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Not Really Me.

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A profile at Norm.

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22/05/2009 at 16:22

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Openly Racist Attack in Buenos Aires.

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Z blog reports:

“A street event jointly organized by the government of the city of Buenos Aires and the Israeli embassy to celebrate the 61st anniversary of Israel’s foundation was yesterday disrupted by a gang of 15 or 20 people who emerged from a nearby subway station and laid into members of the public with clubs, chains and nunchakus.

Between blows they shouted slogans like “Death to the Zionist Jews!” and scattered leaflets bearing the name of the Revolutionary Action Front. Three people were taken to hospital for treatment, two of them are said to be in a serious condition. One police officer was also injured seriously enough to be kept overnight in hospital. Five arrests were made, the rest of the gang escaped. One of those detained is Leonardo Del Grosso, a prominent member of the far left Quebracho group; another was found to be carrying a sevillana, a kind of knife that’s quite unsuitable for peeling apples or slicing bread.”

Internet Judia has the videos in Spanish.

Google English version of the pages here.


EJP has more:

“Police were still interrogating those arrested, who said they belonged to a previously unknown group called the Revolutionary Action Front (FAR).

The FAR claims to be “leftist, anti-Zionist and pro-Palestinian,” said Justice Minister Anibal Fernandez, who cast doubts on the group’s true purpose and source of financing. Interior Minister Florenco Randazzo on Tuesday blamed the attack on “groups of misfits that fortunately are very few.” “


” “They came equipped for that,” said Daniel Gazit, Israel’s ambassador to Argentina, who witnessed the incident in which three Jews and a policeman were injured — none seriously.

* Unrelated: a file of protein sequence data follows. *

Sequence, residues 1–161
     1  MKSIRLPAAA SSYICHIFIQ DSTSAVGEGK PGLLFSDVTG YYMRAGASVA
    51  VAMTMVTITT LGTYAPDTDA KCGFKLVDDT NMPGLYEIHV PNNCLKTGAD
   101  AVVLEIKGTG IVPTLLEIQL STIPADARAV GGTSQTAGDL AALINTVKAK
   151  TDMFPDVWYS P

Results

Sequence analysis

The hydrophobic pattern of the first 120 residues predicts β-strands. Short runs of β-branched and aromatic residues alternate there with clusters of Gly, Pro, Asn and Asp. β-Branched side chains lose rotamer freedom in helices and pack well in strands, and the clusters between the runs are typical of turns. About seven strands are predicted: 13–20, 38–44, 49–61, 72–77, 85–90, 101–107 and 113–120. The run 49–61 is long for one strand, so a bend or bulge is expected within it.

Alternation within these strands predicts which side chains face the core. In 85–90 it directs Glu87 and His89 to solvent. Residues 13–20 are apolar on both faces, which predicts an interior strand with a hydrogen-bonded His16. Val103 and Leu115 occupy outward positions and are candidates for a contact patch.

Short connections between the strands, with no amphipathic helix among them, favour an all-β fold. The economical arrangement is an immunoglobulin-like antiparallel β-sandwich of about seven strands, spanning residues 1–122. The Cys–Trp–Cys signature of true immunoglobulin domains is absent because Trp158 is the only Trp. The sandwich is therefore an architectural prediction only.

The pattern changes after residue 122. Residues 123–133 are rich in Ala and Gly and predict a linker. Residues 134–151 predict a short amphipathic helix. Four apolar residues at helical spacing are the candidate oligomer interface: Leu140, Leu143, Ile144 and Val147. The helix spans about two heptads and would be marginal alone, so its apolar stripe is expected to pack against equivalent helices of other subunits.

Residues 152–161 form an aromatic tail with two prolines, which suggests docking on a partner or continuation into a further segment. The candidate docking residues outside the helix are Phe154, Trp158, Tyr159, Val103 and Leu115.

“They came with their clubs, with their arms, one had a knife, one had a pistol — they came ready for this,” Gazit said. “It was not a political demonstration … this was violence for the sake of violence.”

Witnesses said the attackers were between the ages of 15 and 20. The five who were detained were to make their first court appearance on Tuesday.

Some people complained about the lack of security measures in place at the time of the pro-Israel demonstration and denounced the secretary general of Amia, a Jewish community center in Buenos Aires, for having allowed a type of “liberated zone” from which the group attacked.”

The JTA:

“Unlike Jewish leadership, the national government has said the incident is not a sign of a new wave of anti-Semitism in Argentina.

The government’s attitude has not been well received by the local Jewish community.

Donzis said that after anti-Semitic incidents increased at the beginning of the year due to Israel’s military operation in Gaza, new incidents erupted that were “not even linked to Gaza but merely anti Jewish.”

Even then, Donzis told JTA, the government denied that it was a new wave of anti-Semitism, fearing “it brings imbalance and insecurity to society.”

“The result we are facing is an anti-Semitic campaign,” he said. “What happened last Sunday was an anti-Semitic act and cannot be called differently.” “

Written by modernityblog

20/05/2009 at 01:09

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Something More Than Austria’s Image.

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Contested Terrain has disturbing news from Austria:

“Five Austrian teenagers were arrested in connection with a neo-Nazi attack on Holocaust survivors. The survivors and others were attacked while commemorating the 64th anniversary of the liberation of a concentration camp near Salzburg on May 9. Two people were wounded in the attack, in which teens allegedly fired plastic bullets from air guns and harassed visitors verbally, according to reports.

According to an Austrian news service, one of the arrested youth is a member of the Socialist Party of Austria’s youth group, the Red Hawks.”

Read more.

Written by modernityblog

19/05/2009 at 22:14

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Not A Film Critic.

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The Lemon Tree is a film about people, the arch protagonist an Israeli Defence Minister, a bit smarmy, rather clever and a little bit two-faced for his own good. He moves with his wife to a new house on the West Bank. His neighbour, Salma, is a widow who has a large orchard of lemon trees opposite the house. Within a short period of time the rather brutish security services want it cut down just in case of a terrorist attack on the Defence Minister’s home. The arbitrary decision is given to Salma by a soldier , but she decides to reject compensation and somehow fight for those lemon trees.

That’s my review, it is a rather good film, not as caricatured as it could seem from the basic storyline. The Israelis do not come out of this all too well, but then again it is more the bureaucratic logic of enforced security which bludgeons the senses and sensibilities.

The characters are rather well formed, in particular the Defence Minister’s wife. But I have given enough of the plot away, and it is very moving, as the final scene of the Defence Minister looking at the concrete wall cuts away to find Salma looking across from the other side, after tending her cut down trees.

Humans divided by concrete. Recommended.

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19/05/2009 at 05:21